Keeping open communication channels is a surefire way to enjoy success. All that the clinical nursing staff wants and needs is honest and open communication. They want to know what is going on in their organization and why.

When a nurse feels or senses that things are out of their control- they become worried, fearful, and upset. And putting up with this type of environment for some time is what ultimately creates a disengaged staff.

Involve your nursing teams in your work and ask them how you can help. After you listen and think about what is possible, get in there and take action. And then, tell the nursing staff the actions you took!

They are often so busy or may have forgotten about what they asked of you. The best nursing leader circles back and shares with the staff what you did, how you did it, why you did it (because they asked you to), and what the outcome was.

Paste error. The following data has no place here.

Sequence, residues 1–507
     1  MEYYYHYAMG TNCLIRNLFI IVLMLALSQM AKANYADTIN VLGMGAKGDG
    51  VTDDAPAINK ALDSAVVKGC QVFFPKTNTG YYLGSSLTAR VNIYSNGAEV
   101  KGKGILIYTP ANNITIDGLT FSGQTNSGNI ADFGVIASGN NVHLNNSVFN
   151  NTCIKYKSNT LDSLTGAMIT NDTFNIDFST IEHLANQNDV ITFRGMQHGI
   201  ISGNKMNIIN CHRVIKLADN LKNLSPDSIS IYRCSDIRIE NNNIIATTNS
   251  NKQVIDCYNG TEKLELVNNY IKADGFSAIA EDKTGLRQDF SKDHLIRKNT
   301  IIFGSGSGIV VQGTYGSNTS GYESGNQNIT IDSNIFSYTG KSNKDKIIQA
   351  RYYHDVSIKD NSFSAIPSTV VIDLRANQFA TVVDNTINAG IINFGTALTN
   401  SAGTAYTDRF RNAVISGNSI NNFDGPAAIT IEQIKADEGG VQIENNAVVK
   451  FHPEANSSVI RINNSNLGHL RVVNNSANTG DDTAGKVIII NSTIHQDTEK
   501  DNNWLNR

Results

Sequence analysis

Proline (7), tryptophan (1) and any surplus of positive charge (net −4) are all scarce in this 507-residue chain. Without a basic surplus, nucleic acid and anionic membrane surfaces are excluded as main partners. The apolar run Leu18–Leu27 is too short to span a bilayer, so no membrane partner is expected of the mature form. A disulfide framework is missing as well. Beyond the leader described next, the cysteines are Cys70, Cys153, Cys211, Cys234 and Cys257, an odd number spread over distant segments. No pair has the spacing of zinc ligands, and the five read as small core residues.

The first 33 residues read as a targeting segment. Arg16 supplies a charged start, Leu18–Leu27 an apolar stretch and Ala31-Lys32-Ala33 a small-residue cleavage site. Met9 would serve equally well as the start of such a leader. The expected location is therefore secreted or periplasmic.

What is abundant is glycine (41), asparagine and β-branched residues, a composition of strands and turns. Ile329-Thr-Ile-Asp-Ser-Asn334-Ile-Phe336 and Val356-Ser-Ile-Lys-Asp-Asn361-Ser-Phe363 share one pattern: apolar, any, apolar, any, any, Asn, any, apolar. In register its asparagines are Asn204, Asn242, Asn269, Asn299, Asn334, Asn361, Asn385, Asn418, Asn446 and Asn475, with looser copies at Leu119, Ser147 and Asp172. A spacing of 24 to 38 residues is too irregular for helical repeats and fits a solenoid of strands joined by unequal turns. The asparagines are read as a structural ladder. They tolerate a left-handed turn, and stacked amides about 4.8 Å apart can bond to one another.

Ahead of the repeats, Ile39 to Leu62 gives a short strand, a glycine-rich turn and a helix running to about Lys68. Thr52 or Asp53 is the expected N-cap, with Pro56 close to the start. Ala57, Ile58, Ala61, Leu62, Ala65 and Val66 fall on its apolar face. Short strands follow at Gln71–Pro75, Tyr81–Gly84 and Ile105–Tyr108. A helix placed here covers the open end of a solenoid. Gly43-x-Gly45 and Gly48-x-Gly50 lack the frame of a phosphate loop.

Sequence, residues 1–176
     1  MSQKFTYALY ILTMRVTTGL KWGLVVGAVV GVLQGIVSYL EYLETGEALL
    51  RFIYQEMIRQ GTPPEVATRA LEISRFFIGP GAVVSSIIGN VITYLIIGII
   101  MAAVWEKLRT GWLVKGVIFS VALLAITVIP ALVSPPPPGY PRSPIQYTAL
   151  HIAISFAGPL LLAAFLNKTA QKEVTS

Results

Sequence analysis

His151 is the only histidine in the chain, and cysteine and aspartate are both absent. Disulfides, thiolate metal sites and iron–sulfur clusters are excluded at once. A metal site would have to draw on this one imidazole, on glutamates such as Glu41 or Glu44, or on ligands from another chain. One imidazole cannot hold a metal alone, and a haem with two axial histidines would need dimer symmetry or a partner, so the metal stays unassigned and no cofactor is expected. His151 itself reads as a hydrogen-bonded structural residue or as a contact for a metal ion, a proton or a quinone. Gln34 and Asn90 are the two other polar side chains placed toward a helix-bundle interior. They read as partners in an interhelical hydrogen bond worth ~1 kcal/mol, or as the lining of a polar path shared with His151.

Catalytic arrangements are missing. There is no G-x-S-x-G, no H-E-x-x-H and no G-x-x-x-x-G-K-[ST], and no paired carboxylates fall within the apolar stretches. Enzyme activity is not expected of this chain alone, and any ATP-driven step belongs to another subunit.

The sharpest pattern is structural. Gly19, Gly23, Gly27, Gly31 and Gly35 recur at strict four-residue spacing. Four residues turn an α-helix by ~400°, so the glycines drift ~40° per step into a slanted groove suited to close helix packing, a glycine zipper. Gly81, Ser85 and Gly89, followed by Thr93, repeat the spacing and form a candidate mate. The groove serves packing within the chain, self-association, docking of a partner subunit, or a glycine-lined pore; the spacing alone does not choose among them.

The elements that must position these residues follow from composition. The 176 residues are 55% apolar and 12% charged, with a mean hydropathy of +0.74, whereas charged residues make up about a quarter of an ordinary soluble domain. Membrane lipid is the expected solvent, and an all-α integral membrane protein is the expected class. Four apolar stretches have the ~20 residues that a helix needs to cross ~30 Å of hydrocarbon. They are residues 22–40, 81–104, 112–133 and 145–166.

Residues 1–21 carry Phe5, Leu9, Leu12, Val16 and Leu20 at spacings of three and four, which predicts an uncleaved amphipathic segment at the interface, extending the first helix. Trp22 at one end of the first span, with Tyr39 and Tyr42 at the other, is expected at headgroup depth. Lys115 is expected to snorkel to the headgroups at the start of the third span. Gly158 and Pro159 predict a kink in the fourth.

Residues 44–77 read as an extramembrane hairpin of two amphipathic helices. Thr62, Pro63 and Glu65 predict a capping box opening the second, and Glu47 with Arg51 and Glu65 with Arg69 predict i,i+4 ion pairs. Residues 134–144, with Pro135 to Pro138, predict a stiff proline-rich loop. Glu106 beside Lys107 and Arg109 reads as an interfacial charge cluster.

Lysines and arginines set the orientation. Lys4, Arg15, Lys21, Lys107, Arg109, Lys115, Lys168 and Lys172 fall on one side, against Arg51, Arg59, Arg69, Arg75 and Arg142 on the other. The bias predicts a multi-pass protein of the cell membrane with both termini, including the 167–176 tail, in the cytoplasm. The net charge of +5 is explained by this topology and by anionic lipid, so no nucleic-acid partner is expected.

OK- what did we miss? What questions would you recommend nursing leadership ask? We’d love to hear from you, so feel free to leave a comment below. Thanks for reading and enjoy your health today.

Elizabeth Scala, MSN/MBA, RNAbout the Author: Keynote speaker and virtual conference host, Elizabeth Scala MSN/MBA, RN, partners with hospitals, nursing schools, and nurse associations to transform the field of nursing from the inside out. As the bestselling author of ‘Nursing from Within’, Elizabeth guides nurses and nursing students to a change in perspective, helping them make the inner shift needed to better maneuver the sometimes challenging realities of being a caregiver. Elizabeth received her dual master’s degree from Johns Hopkins University. She is also a certified coach and Reiki Master Teacher. Elizabeth lives in Maryland with her supportive husband and playful pit bull.